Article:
People lined up to be tested at a one-day free COVID-19 drive-through testing site set up at a popular Philadelphia church.
The site will be open from 10 a.m. to 4 p.m. on Monday at Enon Tabernacle Baptist Church on 2800 W. Cheltenham Avenue.
By 9 a.m., drivers had lined up to get tested at the event organized by the Black Doctors COVID-19 Consortium, a group of health care professionals who built a mobile unit to provide free testing to Philadelphia’s most vulnerable neighborhoods.
People who have experienced coronavirus-related symptoms (ie. coughing, sneezing, sore throat, shortness of breath, fever, loss of smell, lost of taste, diarrhea, weakness) or have been in contact with someone who has tested positive within the past 14 days were encouraged to go.
The line of people was cut off at 350, well before 4 p.m., because that was how many tests were available.
The Consortium is raising money for van transportation, Personal Protective Equipment (PPE), educational materials and testing supplies. CLICK HERE if you’d like to donate.
Enon is located in a predominantly black neighborhood where 35% of residents tested positive for COVID-19. Alyn Waller, pastor of Enon, told NBC10 working with the Consortium was a way for the church to serve the community.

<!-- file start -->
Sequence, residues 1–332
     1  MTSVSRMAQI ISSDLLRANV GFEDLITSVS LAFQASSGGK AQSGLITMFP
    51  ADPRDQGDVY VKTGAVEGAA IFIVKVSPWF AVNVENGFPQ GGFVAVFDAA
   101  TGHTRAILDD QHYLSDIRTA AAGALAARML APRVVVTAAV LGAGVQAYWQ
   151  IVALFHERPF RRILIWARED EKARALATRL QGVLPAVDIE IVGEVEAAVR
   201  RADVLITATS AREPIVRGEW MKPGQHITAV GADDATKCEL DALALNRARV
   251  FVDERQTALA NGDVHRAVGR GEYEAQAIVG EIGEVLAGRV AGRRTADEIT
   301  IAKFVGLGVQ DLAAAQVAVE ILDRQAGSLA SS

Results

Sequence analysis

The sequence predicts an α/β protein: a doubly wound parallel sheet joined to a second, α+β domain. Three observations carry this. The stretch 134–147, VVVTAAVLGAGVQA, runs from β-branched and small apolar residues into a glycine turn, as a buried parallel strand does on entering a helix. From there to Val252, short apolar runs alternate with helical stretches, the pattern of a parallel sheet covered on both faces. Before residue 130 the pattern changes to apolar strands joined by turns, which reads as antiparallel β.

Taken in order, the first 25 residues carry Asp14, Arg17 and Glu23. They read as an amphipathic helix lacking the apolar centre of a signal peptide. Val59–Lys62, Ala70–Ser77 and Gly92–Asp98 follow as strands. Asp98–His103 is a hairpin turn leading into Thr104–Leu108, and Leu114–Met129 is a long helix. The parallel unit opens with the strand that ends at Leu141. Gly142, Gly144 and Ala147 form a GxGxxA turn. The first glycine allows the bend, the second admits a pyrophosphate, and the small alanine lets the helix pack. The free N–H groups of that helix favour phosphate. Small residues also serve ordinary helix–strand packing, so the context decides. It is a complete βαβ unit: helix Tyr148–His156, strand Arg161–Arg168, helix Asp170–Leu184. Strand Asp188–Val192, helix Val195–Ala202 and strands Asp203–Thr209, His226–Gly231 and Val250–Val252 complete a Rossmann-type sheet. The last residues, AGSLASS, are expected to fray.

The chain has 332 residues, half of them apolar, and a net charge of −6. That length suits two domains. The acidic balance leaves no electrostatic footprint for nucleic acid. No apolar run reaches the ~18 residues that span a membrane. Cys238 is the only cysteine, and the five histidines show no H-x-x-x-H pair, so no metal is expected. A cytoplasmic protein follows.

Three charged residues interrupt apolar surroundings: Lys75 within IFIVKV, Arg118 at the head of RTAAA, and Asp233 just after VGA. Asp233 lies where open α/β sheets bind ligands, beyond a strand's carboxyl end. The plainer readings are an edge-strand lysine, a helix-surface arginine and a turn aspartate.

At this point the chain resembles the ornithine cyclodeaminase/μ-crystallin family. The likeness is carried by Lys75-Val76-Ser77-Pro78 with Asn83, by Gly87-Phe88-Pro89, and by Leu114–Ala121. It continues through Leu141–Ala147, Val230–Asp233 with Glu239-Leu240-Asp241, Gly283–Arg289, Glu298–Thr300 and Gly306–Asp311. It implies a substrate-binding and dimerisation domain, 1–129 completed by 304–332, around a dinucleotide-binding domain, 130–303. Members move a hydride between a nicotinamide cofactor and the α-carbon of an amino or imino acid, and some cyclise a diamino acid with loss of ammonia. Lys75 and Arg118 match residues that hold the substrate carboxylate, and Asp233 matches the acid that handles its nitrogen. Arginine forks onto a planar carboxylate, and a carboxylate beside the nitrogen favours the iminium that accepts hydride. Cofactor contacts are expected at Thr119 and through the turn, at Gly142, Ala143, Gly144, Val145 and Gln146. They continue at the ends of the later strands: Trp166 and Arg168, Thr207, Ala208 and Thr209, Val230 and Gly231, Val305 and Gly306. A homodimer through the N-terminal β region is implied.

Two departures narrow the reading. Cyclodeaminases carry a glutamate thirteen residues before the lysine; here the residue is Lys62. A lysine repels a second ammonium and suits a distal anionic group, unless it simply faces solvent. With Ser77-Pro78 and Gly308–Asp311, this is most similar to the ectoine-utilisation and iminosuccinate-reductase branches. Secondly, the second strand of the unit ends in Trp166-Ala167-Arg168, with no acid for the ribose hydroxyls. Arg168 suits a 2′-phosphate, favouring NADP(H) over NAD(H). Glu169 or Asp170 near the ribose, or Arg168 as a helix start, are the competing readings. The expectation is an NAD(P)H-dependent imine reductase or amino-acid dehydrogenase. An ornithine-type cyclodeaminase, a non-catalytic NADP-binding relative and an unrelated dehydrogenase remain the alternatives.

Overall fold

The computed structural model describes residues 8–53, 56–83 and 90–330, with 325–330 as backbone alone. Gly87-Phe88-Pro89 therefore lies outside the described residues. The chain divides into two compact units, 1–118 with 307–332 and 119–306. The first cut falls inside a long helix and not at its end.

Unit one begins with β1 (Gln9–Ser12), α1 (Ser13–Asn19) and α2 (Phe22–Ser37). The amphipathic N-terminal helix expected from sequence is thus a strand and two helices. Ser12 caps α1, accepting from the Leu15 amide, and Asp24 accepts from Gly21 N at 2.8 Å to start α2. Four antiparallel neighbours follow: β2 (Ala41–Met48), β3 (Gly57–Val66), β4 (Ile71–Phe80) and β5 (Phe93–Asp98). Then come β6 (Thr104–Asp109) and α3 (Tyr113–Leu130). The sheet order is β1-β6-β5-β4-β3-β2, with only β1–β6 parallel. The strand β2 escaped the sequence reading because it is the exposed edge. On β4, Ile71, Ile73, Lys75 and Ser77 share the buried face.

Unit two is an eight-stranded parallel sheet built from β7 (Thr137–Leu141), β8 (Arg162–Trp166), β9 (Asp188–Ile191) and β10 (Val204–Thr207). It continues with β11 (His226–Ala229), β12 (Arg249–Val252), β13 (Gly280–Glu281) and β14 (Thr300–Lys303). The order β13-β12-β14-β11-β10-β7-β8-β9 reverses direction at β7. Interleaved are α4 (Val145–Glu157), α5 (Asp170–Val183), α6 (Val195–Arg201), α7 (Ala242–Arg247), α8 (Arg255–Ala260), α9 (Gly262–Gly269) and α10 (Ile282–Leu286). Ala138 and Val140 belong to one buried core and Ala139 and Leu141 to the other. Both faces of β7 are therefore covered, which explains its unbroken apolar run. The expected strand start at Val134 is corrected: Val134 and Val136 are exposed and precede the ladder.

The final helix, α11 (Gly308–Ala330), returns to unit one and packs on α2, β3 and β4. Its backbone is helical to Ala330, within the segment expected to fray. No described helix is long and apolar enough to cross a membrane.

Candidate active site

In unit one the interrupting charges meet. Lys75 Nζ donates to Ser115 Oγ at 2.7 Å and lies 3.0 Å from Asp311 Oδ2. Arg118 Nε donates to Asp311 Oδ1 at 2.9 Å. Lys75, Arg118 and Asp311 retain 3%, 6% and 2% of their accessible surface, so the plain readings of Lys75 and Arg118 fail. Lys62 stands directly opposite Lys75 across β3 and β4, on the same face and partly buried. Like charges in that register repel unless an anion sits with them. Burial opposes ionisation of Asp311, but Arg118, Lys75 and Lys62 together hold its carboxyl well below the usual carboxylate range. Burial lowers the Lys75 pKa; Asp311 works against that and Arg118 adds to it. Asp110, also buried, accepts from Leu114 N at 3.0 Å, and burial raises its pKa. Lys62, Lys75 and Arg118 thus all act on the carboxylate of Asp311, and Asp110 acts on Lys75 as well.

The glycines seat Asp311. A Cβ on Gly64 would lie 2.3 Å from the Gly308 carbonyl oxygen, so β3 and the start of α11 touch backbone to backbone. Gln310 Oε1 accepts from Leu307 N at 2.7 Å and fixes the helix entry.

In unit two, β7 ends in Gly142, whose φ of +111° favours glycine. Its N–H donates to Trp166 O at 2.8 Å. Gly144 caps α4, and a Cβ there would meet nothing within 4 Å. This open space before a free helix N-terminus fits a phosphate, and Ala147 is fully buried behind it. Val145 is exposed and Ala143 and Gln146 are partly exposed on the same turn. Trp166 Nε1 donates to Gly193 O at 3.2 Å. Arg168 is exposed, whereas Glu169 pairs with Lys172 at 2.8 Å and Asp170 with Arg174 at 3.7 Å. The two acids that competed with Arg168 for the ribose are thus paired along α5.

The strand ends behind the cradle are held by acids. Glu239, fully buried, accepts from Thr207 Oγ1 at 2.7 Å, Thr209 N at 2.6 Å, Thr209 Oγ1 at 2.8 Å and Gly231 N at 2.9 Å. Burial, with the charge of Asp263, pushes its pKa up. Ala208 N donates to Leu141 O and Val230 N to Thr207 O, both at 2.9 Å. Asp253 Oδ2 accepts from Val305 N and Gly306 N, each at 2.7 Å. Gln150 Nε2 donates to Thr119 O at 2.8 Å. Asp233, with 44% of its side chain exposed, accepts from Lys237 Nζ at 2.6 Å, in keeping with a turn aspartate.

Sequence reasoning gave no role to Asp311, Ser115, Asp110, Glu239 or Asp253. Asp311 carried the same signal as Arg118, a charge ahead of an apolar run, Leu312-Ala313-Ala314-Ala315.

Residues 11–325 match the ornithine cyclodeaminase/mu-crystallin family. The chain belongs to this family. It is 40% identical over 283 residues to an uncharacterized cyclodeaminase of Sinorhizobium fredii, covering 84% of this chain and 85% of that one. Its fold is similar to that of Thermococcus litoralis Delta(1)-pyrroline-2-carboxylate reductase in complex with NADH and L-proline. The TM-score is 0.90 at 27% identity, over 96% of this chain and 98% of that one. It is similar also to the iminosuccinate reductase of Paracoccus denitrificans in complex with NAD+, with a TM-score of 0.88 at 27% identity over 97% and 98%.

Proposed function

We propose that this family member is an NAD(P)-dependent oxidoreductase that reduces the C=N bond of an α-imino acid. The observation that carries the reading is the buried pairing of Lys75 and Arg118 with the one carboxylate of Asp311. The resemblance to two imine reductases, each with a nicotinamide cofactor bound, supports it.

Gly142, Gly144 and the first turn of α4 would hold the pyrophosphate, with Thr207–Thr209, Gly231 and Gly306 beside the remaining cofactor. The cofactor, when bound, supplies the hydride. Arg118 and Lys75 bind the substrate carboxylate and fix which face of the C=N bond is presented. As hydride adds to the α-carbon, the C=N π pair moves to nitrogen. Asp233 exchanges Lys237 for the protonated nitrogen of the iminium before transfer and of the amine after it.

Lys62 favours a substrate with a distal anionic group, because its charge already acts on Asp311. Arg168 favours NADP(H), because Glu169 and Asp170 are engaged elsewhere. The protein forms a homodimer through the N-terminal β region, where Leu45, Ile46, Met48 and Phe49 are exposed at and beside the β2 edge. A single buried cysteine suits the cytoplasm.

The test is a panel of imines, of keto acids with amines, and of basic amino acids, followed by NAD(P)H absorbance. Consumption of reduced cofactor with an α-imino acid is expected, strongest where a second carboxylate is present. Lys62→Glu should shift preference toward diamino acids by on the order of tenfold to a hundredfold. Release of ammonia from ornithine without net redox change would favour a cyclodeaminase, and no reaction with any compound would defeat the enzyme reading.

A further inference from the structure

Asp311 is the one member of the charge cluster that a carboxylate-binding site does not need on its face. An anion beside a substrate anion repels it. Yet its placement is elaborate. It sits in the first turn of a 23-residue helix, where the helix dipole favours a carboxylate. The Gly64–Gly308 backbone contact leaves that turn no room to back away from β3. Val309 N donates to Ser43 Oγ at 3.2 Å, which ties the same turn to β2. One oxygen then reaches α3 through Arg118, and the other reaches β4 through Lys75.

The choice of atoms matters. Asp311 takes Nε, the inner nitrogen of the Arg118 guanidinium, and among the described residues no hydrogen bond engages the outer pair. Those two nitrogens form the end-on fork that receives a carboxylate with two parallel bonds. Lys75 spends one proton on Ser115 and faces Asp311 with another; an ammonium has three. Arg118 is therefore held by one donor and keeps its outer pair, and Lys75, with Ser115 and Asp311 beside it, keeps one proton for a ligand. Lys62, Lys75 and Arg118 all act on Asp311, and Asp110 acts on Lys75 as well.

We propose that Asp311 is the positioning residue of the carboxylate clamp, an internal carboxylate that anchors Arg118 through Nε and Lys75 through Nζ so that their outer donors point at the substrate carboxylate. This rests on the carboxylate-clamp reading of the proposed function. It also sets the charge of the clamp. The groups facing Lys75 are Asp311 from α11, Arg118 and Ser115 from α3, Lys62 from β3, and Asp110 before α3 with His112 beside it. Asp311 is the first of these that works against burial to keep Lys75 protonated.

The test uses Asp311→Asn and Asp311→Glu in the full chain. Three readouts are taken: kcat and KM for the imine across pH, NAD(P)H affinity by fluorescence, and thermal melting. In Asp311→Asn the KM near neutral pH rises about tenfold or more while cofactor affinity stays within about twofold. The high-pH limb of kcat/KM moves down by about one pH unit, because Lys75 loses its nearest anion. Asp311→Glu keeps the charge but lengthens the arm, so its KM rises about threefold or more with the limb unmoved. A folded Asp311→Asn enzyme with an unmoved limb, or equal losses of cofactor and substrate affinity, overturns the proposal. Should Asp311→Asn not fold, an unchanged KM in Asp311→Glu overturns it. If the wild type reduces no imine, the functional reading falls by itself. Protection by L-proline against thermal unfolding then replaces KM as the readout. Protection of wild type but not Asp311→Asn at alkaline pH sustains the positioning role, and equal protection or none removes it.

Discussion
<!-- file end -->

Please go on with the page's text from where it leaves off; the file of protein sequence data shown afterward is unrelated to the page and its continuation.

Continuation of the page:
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"That's what we exist to do," Pastor Waller said. "Any good preacher has a Bible in one hand and a newspaper in the other."
Pastor Waller told NBC10 it was also important to spread accurate information about the coronavirus pandemic.
"One of the things that happened first was a lot of misinformation," Pastor Waller said. "Quite frankly, we have to get a lot of people of good will and celebrity to get this message out."
On Friday, the Centers for Disease Control and Prevention released its first breakdown of COVID-19 case data by race, showing that 30% of patients whose race was known were black. The federal data was missing racial information for 75% of all cases, however, and did not include any demographic breakdown of deaths.
The latest Associated Press analysis of available state and local data shows that nearly one-third of those who have died are African American, with black people representing about 14% of the population in the areas covered in the analysis.
Health conditions that exist at higher rates in the black community -- obesity, diabetes and asthma -- make African Americans more susceptible to the virus. They also are more likely to be uninsured and some members of the black community have reported that medical professionals take their ailments less seriously when they seek treatment.